A growing number of pregnant women are using marijuana, and the habit is expanding fastest among teens and young adults, a U.S. study suggests.
A research letter published in scientific journal JAMA on Dec. 26 reported that 7.1 percent of pregnant women in California used marijuana while pregnant in 2016 — a 2.9 percentage point increase from 2012, CNN reports.
Teens and young adults reported a particularly high use of marijuana compared to women over 24. Cannabis use in pregnant teens under 18 increased from 12.5 percent to 21.8 percent, while use in women 18 to 24 increased from 9.8 percent to 19 percent.
A different study published in January confirmed the upward trend nationwide. Pregnant women who reported to have consumed marijuana in the past month jumped from 2.37 percent to 3.85 percent from 2002 to 2014. The study was conducted on women aged 18 to 44 across the U.S.
The spike in marijuana use can be attributed to easier access, reduced stigma and the supposed health benefits of the plant.
“Think about marijuana use from [the study participants’] perspective, especially in Northern California,” said Dr. Robyn Horsager-Boehrer, a professor of obstetrics and gynecology at the University of Texas, who was not involved in the study. “California legalized medical marijuana use in 1996, so they have grown up with the idea of it not only not being illegal but being a medical therapy.”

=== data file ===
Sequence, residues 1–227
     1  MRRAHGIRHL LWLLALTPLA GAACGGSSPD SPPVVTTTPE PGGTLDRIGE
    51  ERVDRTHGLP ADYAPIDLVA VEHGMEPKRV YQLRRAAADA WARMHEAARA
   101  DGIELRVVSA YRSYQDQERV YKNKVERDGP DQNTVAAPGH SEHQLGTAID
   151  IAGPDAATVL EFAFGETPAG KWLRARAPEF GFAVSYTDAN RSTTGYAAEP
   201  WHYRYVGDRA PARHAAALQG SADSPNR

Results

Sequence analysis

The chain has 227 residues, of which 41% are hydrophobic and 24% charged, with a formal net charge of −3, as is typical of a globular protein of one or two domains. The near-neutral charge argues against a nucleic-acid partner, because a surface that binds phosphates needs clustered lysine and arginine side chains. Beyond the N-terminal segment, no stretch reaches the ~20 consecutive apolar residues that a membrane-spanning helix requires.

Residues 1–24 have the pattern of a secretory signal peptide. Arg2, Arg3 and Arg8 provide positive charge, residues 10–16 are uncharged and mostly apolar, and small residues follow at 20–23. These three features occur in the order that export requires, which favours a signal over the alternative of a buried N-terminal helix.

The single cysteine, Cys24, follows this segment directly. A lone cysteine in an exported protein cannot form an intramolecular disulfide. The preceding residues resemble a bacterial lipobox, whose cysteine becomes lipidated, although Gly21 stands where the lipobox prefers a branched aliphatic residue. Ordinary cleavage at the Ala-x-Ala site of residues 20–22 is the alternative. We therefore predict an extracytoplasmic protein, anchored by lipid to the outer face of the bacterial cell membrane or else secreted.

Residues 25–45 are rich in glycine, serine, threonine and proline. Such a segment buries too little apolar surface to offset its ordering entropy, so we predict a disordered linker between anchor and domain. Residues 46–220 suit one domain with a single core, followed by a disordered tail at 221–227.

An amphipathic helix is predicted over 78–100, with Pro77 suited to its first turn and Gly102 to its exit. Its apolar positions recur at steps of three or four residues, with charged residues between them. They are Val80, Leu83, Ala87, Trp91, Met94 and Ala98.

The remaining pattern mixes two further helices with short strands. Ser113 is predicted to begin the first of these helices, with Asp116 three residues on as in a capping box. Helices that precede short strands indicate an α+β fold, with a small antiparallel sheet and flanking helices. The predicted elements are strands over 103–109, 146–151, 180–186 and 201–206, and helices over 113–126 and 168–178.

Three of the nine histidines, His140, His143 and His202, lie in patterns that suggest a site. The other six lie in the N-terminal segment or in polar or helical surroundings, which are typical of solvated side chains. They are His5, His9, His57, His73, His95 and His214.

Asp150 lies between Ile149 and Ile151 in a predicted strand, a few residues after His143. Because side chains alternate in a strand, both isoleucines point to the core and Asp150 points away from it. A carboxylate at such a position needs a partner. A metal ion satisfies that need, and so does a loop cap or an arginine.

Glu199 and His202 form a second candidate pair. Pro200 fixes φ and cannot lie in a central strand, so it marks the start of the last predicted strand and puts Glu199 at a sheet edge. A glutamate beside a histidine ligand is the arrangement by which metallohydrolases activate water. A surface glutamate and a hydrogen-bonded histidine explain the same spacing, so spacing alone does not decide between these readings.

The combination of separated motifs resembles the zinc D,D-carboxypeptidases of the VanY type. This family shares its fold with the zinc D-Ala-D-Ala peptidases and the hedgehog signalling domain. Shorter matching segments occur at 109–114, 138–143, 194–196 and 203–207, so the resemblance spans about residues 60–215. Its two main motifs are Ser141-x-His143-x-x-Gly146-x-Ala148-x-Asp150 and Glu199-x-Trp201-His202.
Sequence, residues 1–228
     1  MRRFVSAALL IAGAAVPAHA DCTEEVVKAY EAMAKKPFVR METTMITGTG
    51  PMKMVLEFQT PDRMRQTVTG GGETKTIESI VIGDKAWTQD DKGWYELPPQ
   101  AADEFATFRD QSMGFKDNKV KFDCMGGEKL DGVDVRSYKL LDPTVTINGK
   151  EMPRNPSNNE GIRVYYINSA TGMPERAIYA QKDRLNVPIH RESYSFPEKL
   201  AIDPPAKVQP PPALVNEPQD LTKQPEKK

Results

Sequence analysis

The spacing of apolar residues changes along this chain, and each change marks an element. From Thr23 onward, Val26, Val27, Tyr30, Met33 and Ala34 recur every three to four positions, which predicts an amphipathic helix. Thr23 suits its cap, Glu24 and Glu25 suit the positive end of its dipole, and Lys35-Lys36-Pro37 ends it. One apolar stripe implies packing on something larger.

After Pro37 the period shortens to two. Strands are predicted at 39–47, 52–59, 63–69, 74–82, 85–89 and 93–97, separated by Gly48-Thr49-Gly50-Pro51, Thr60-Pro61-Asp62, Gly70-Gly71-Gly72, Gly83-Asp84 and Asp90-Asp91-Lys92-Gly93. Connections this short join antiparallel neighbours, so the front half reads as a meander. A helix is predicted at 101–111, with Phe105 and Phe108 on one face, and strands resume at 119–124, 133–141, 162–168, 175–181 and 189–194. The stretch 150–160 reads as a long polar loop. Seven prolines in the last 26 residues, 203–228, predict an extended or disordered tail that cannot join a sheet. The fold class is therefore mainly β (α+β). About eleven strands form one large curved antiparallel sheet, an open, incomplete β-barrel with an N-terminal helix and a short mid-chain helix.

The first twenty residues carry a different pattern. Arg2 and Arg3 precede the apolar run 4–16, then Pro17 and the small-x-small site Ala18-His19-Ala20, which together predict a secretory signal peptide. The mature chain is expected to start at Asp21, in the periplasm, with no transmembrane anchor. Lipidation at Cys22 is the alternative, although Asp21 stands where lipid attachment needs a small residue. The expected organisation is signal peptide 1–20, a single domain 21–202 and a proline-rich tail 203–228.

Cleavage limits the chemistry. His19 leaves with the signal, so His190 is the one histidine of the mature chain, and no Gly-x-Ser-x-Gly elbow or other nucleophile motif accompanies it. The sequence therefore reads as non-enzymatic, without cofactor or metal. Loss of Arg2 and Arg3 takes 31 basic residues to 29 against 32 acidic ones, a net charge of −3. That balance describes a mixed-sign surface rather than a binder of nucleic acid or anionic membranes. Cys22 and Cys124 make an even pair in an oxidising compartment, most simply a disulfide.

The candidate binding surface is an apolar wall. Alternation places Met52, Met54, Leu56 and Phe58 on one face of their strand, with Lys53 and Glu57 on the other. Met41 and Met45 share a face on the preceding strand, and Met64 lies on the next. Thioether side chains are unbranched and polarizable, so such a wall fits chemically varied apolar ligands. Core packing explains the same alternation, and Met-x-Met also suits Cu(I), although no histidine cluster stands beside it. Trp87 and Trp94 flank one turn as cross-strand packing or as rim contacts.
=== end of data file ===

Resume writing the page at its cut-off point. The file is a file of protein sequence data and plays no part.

But data on the actual effects of using marijuana during pregnancy is still unclear. Dr. Yasmin Heard, a neuroscientist and director of addiction treatment at the Icahn School of Medicine at Mount Sinai in Manhattan, says prenatal marijuana exposure can impact fetal development.
“Even early in development, marijuana is changing critical circuits and neurotransmitting receptors,” she told The New York Times in February. “Those are important for regulation of emotions and reward, even motor function and cognition.”
The American Academy of Pediatrics and the American Congress of Obstetricians and Gynecologists discourage the use of marijuana during pregnancy due to its connections to other developmental issues. However, there is insufficient data on link between marijuana use and fetal development.
“Because of the possibility of concurrent use of marijuana and other substances of abuse, the evidence of its direct association with preterm labor, fetal growth restriction, preterm birth, low birthweight and stillbirth is still debatable, though these adverse effects lean more towards an increased likelihood of occurrence,” public health researcher Barbara Yankey told Reuters in an email.
Yankey added that the effects of marijuana use on a fetus depends on dosage and frequency of consumption.